Prior to the start of the NBA season, FB&G asked how Lamar Odom’s absence would impact Kobe Bryant’s role with the Lakers this season. Given that Odom was good at initiating some of the offense on his own, it not only alleviated Kobe of some playmaking responsibilities, but it also allowed him to place more emphasis on his own scoring opportunities. Emile Avanaessian shared this nugget at the time:
“An unintended benefit of the lockout is that it provided Kobe Bryant with a greater opportunity to rest his achy knees (and whatever else is sore) than he’s had in some time. Odom’s departure totally negates that. Now Kobe must not only navigate his body through a brutal schedule, he will be called upon to do so as the Lakers’ only creator on offense.”
And we are now seeing this manifest itself in the Lakers offense. Steve Blake is a good ballhandler but not an adept playmaker while Derek Fisher is a reputed big shot taker (and he makes them too) but needs others to create opportunities for him. Darius Morris may be young and inexperienced, but he did show the ability to create some scoring plays for himself off the dribble in the preseason. The one problem though, he seemed far more enamored with shooting the ball himself than dishing it off to his teammates.
The end result? Through three games, Kobe Bryant has an astounding usage rate (an estimate of the percentage of team plays used by a player while he was on the floor) of 39.1 percent. Consider this, the single greatest usage figure in the history of the NBA belongs to none other than Kobe Bryant. He achieved the figure of 38.74 percent during the 2005-06 season, when the Los Angeles Lakers finished with a 45-37 record. And as of right now, he is surpassing that.
The Lakers could almost live with that figure if Kobe was a point guard or a player in his prime; but as the team’s aging primary scorer, the burden on the star’s shoulders is far too heavy. Consequently, the Lakers’ season could go in one out of three different ways:
1. Mike Brown could ride this out until the end of the season. With Bynum set to return shortly from his suspension, it should alleviate some of the ballhandling duties from the Black Mamba since the ball will be going down low to ‘Drew who will occasionally draw double teams and kick it out to shooters for open looks.
2. The Lakers take their early lumps with Darius Morris and hope that he figures out the offense, his teammates and the pace of the game as the Lakers morph into a dangerous playoff team late in the season.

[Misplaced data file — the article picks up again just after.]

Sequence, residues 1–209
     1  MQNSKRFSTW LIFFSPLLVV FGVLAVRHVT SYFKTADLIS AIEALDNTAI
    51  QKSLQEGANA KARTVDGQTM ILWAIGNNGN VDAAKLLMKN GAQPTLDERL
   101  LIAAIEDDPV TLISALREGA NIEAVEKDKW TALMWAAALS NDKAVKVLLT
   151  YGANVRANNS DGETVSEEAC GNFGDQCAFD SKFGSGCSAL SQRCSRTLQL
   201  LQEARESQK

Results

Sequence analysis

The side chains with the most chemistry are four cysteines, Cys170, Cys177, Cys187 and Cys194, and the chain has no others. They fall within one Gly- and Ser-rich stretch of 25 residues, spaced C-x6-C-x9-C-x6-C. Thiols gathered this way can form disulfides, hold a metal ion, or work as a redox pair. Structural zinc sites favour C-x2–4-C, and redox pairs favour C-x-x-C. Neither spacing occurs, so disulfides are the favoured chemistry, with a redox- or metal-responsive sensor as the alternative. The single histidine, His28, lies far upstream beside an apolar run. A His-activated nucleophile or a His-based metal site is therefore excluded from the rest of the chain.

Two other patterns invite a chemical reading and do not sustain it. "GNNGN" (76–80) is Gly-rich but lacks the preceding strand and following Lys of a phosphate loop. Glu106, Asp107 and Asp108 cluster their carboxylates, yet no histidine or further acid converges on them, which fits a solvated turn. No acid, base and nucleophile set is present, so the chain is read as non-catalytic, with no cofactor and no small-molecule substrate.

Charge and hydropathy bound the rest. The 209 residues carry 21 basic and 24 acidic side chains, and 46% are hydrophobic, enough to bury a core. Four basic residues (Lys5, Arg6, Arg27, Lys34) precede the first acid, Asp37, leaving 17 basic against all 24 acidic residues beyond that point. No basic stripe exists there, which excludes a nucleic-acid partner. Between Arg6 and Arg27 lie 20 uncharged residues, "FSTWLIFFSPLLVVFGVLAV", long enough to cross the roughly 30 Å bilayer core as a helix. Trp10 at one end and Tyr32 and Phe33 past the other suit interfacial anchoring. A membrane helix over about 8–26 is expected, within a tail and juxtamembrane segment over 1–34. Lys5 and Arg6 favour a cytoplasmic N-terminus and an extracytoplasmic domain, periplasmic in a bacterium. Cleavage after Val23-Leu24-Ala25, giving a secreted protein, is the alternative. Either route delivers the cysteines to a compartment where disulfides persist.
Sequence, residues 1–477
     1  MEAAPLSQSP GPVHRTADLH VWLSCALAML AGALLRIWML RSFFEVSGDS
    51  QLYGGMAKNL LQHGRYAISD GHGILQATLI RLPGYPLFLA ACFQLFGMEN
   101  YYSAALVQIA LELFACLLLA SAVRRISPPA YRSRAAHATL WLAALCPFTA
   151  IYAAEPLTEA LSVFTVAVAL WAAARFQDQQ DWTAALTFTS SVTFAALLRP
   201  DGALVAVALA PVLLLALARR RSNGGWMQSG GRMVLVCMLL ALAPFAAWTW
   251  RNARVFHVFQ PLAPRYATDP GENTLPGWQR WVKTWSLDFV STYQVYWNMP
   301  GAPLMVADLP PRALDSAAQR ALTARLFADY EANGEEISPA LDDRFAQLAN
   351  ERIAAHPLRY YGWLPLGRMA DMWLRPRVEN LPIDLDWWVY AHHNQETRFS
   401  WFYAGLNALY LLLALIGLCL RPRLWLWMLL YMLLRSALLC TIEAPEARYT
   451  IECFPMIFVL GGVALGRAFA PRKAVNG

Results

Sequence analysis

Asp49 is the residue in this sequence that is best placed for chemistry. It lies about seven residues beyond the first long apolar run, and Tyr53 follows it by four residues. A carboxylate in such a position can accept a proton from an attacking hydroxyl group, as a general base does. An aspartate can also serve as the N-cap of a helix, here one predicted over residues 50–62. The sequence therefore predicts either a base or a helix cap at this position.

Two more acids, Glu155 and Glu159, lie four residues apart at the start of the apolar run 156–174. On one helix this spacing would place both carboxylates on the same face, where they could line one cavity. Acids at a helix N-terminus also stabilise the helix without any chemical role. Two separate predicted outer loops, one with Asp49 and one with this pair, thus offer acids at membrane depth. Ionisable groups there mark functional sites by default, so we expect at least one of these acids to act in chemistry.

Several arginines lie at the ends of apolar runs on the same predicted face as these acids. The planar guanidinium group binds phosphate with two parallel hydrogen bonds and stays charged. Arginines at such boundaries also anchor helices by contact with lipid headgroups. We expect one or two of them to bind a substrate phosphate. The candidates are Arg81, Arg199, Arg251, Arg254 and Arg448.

3. Mitch Kupchak uses the trade exception acquired in the Odom trade to bring in Ramon Sessions, Mo Williams, T.J. Ford, J.J. Barea, Jordan Farmar (I’m kidding), or Jose Calderon (completely unrelated but still relevant: Andre Iguodala would look great with this Lakers team) to help the team in the dribble penetration department.
The only problem with the third scenario at this point is that the Lakers may be clinging to the possibility that they have an opportunity to acquire Dwight Howard at some point around the March 15 trade deadline; thus it complicates matters a little given that the team will probably need all the assets in can muster to make an enticing trade proposal to Otis Smith and the Orlando Magic. Although given Smith’s track record as a GM, I would probably low ball him from now until late January and then make a semi-decent proposal and hope he feels overwhelmed. Just remember, the Magic gave Rashard Lewis a contract nearly on par with Kobe’s current one.
Given that Mike Brown is still figuring this team out, it seems as though the most likely scenario at this point may well be that he rides this thing out and hops on Kobe Bryant’s back along with Pau Gasol and Derek Fisher. Through three games, the Lakers are 1-2 but just as well could have been 2-1 if not for the debacle against the Chicago Bulls.
A lot of times, it’s easy to get lost in a narrow view of the season as opposed to stepping back and looking at the big picture. With Andrew Bynum set to return after the Thursday night game against the New York Knicks, we should get a clearer picture of what to expect from the Los Angeles Lakers for the remainder of the season.
Nonetheless, with Kobe nursing a wrist injury and carrying the load like no other player has ever done before in league history, one should pay close attention to how the team fares with and without their starting center. If for whatever reason the former league MVP is still asked or takes it upon himself to do the heavy lifting, Mitch Kupchak may well have to intervene by tweaking the roster for the sake of salvaging Kobe Bryant’s season.
The last thing the purple and gold and its fans want, is a spent Kobe Bryant by the time the playoffs roll around.
Once again, eyes on the big picture.